I have lived in Mattawamkeag my entire life, and for many years I’ve watched the development of the proposal for a national park next to Baxter State Park. It’s past time for action on this idea.
The paper industry is gone. I know this firsthand because I worked in the Lincoln paper mill for 20 years. Now I’m unemployed. The mills in Millinocket, Bucksport, Old Town, Jay are closing, completely gone, sold for scrap or will be soon. Experts say the trend will continue. Yet still the forest products industry tells us it is going strong. Meanwhile, I’m trying to get into a retraining program, and my friends who head off into the woods with chainsaws and skidders wondered how they would afford Christmas. There is no one left to buy the trees they cut.
When I see industry representatives writing that people from the Katahdin region lost their livelihoods through no fault of their own, they’re right. I have worked hard all my life and was prepared to continue into retirement. But distant companies moved in, bought up the mills and land, sucked the region dry and moved on, changing the definition of “investment.” Now the industry and large landowners are keeping us from picking ourselves up.
They tell the vast majority of Mainers who support the park idea that the industry will fail if this national park is created. Are the current conditions how they define success?
These same arguments have been used over and over again in other parts of the country. In the 1960s, the forestry industry in northern California used them to argue against the creation of Redwood National Park, even as the industry was imploding and ruining that rural economy. Now 700,000 people spend $42 million every year in the surrounding towns. There are other parks around America that are right in the middle of big timber operations.
I’m also sick of hearing some of our elected officials and large timber owners insulting my home, the North Woods, by saying there is nothing up here to attract people, that it’s not pretty because it’s been heavily logged.
Clearly, they haven’t been to this property or the region where it sits. First of all, even if that were true, people like our governor should be cheerleaders for all parts of our state, trying to bring people here, not actively trying to discourage tourism or keep it at the coast. But it isn’t true. There are parts of Elliotsville Plantation’s land, particularly the southern part, that were cut heavily years ago, before these same timberland owners sold the land. But the trees are growing back. This is one of the forestry industry’s own arguments: We can cut all the trees because they grow back and the forest will be healthy again. They can’t have it both ways.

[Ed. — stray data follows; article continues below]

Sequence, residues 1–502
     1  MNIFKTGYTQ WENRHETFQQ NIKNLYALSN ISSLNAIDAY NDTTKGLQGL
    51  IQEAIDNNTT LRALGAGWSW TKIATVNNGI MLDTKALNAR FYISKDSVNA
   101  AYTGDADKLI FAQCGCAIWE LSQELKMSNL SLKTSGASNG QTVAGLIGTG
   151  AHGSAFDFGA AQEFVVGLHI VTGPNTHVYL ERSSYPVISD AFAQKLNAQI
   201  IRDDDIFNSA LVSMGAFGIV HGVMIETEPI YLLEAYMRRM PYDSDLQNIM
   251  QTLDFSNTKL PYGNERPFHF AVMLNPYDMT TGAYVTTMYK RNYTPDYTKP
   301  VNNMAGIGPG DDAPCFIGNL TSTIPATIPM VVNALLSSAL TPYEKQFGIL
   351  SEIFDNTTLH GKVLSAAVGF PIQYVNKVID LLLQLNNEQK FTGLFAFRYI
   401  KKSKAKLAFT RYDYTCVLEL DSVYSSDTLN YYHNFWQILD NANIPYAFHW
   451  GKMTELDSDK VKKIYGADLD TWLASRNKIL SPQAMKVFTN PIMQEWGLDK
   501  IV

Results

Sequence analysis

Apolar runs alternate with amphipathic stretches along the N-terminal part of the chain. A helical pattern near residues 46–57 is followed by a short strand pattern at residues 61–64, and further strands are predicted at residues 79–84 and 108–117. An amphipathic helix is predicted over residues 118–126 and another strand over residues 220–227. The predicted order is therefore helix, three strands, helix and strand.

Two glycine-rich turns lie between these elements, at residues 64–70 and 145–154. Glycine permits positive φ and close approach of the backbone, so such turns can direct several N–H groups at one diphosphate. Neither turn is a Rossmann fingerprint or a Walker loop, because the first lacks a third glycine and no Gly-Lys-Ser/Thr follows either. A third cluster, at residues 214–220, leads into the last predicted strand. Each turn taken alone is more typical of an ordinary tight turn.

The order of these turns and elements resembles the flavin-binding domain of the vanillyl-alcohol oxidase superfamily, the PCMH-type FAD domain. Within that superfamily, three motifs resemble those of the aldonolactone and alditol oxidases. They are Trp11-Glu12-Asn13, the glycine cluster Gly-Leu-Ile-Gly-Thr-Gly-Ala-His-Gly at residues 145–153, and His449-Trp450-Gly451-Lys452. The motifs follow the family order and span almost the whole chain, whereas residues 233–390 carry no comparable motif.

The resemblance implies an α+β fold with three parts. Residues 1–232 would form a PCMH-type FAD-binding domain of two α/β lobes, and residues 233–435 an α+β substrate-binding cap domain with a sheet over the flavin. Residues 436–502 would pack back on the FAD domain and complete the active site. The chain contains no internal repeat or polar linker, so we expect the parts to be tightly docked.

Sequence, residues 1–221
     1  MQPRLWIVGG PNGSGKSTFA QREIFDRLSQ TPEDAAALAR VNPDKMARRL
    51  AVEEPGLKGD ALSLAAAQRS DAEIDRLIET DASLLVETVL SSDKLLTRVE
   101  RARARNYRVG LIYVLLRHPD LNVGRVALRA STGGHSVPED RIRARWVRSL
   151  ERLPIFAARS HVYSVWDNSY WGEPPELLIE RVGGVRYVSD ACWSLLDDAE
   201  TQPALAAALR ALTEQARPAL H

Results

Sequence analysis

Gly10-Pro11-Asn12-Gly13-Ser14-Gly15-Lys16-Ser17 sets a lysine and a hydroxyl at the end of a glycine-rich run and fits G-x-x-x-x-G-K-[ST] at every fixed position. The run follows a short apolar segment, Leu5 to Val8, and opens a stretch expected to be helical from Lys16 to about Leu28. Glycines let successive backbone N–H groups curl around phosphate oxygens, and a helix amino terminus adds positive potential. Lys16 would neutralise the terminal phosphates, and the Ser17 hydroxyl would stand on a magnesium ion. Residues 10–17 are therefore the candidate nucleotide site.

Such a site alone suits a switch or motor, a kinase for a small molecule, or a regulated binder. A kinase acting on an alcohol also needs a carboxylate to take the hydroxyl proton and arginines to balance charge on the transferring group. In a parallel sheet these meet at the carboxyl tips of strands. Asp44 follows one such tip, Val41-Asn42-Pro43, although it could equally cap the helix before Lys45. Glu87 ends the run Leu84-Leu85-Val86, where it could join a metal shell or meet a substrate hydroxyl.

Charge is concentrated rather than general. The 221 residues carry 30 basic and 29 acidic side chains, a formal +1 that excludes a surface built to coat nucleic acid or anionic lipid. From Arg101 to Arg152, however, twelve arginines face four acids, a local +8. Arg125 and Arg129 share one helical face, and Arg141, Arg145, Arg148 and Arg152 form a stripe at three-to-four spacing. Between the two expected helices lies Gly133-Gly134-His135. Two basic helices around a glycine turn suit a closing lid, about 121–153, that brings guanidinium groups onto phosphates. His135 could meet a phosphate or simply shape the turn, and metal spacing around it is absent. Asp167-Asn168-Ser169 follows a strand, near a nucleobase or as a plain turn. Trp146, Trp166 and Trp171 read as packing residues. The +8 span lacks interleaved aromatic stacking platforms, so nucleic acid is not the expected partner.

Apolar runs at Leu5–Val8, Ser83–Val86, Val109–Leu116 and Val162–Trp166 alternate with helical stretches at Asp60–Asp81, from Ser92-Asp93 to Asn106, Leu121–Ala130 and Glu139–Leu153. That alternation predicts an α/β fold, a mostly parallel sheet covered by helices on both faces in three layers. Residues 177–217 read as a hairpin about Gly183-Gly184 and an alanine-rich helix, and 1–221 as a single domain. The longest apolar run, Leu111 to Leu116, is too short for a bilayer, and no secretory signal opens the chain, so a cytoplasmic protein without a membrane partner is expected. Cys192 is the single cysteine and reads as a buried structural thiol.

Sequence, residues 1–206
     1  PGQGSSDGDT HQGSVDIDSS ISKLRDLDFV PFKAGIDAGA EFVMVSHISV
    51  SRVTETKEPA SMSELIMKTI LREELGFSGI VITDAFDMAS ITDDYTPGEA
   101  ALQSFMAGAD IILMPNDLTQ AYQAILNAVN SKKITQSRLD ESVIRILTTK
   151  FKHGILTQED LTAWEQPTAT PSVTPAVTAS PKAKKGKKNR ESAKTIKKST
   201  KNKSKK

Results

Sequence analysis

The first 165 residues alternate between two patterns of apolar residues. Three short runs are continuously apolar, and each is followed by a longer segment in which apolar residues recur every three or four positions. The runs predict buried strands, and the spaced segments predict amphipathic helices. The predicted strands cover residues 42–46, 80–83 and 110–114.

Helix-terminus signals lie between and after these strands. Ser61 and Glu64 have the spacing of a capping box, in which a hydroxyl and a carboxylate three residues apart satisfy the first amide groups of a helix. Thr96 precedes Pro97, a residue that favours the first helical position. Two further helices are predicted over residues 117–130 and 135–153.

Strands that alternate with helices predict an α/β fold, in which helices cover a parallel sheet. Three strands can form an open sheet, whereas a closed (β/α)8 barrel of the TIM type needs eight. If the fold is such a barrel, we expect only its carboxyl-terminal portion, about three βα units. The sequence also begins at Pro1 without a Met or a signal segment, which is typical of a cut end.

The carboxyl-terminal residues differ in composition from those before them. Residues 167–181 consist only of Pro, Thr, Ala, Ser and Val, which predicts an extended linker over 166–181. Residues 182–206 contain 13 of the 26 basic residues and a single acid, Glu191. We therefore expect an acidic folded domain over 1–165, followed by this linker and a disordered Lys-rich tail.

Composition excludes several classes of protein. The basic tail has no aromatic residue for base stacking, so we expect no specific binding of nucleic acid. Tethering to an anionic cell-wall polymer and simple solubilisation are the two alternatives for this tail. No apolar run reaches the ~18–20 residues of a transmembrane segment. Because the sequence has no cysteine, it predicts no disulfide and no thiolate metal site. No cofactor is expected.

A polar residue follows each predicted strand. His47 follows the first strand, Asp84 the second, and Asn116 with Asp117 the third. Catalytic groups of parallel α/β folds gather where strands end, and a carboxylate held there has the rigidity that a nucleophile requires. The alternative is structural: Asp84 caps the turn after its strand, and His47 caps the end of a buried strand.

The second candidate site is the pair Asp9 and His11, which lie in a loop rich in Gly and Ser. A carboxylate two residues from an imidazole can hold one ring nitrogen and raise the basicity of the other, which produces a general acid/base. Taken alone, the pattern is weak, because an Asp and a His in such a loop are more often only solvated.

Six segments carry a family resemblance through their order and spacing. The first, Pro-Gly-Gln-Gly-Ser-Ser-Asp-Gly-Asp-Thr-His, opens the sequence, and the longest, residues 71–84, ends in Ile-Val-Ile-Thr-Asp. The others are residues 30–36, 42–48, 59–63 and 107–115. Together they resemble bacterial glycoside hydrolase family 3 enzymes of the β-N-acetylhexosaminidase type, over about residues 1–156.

Most of the property is already in older growth and is amazing. It has mountains to climb; unbelievable rivers to paddle and fish; waterfalls; views; trails to hike, bike and ski; and quiet. I think about people in New York City who have never experienced quiet and beauty like this, beauty many of us are used to and take for granted.
The paper industry is gone, and the trend in harvesting is toward mechanization, employing fewer and fewer people for the same amount of timber. The industry looks at trees and land as ways to make money.
A national park is another way to make money. As far as I know, every national park in the country has a much higher return per acre than commercially managed timberland. And this is direct return. It says nothing of the money generated when people come here, see how amazing it is and decide to move here and start businesses of all types and sizes, all because we put value on leaving some of the trees to stand.
I’m very disappointed that Sens. Angus King and Susan Collins and Rep. Bruce Poliquin have put the will of a dying industry and a loud minority above the will of the rest of us who want to look to the future, pick ourselves up and dust ourselves off.
David Fogg lives in Mattawamkeag.